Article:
In assessing a constitutional amendment, the first rule should be “beware of the easy soundbite” – because it is often wrong.
Such is the case with Amendment #2, which has been pilloried as “sending school dollars to developers” when it actually only keeps the law the way it was until the Court intervened in February of this year.
The reality: Amendment 2 will give voters the chance to take back lawmaking from the Court and approve something they have already approved in a statewide vote – but was taken away from them by one activist lawyer and the Georgia Supreme Court (you know, the same ones that almost declared capital punishment unconstitutional)
1. TAD’s were created by a 1984 constitutional amendment that passed with 72% of the vote statewide.
2. Every single TAD created since then was also approved by a vote of the citizens within the jurisdiction they have been used in a public referendum (for example, Gwinnett just approved TAD’s this summer by a wide margin).
3. Two or three levels of local government – including the elected school board – also had to sign off on all new TAD’s since then.
4. Since that time, TAD’s have been operating using the new tax dollars created by their existence (including new dollars created in the school tax digest) to pay for the infrastructure they need. Everyone is well aware that TAD’s have involved the use of new school tax dollars (no EXISTING school dollars) since 1984.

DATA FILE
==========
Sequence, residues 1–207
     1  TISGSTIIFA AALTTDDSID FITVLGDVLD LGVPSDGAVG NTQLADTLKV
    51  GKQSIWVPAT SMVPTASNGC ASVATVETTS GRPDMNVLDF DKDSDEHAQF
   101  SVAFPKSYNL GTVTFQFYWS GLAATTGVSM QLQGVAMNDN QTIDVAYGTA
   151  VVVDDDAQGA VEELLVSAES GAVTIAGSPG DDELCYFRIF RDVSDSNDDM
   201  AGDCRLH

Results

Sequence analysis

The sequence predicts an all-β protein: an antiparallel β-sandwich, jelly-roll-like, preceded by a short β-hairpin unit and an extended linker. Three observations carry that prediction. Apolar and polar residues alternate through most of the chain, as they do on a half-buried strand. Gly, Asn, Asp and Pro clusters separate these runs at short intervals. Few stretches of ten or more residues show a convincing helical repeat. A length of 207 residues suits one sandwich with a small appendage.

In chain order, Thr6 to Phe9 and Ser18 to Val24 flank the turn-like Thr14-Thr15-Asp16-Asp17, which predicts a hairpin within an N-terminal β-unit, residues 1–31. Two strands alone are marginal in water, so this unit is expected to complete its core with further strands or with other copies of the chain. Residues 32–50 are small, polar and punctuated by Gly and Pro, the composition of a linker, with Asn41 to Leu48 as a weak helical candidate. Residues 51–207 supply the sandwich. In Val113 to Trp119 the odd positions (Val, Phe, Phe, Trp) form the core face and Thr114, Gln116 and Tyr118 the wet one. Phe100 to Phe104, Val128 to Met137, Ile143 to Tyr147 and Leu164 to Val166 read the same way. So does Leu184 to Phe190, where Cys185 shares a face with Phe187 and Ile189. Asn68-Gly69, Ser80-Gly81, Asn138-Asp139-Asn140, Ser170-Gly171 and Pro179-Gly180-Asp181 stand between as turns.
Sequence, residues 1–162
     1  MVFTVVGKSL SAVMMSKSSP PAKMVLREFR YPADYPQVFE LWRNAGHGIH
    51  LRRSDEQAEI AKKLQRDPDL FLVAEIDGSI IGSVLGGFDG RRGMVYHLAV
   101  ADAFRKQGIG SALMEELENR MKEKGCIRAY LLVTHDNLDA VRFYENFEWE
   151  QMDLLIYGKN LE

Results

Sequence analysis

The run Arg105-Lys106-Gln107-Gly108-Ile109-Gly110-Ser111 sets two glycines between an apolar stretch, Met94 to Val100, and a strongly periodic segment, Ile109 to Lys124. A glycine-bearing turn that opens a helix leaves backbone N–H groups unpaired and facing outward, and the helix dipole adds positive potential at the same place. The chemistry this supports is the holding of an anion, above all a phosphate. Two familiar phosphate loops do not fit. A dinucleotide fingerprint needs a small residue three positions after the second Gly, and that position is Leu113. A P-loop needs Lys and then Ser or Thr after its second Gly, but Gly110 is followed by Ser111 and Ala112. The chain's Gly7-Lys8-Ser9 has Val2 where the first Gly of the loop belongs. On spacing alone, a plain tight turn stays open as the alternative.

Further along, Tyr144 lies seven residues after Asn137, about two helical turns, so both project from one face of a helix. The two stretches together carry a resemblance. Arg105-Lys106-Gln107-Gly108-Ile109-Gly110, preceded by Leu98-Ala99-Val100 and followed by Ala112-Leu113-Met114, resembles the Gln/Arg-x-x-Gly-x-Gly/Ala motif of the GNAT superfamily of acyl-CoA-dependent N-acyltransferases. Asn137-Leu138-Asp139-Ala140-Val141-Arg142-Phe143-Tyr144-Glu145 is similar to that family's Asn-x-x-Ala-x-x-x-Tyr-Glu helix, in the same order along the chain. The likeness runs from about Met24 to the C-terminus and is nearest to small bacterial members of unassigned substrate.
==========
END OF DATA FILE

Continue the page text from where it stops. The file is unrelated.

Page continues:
5. The Georgia Supreme Court – acting on a single-party lawsuit by an activist lawyer in Atlanta – overturned all these levels of voter and elected official approval and used one part of the Constitution to overturn another part of the Constitution in February of this year.
6. The entire effect of Amendment #2 is to take TAD law back where it was. In other words, it actually changes far less in state law than either of the other 2 amendments.
7. TADs have never – and will not in the future – use a dime of existing school tax dollars. Period. TAD’s create brand new revenue that did not exist before and use that revenue for a short time to pay off the infrastructure bonds – and then deliver all that new revenue to the schools and local government.
The anti-TAD activist will point to isolated problems in a couple of TAD projects, but that’s life. The overwhelming reality of TAD’s is they have been very successful in promoting high-quality redevelopment such as Atlantic Station. They are used equally well around the country.
And when the economy goes soft like recent months, it seems foolish for us to buy into the soundbites of the other side and take away forever even the option of using the TAD financing tool, even if the voters and local elected officials approve of it and want to use it.
Voter choice and local option vs. soundbites and Court control. Make up your own mind.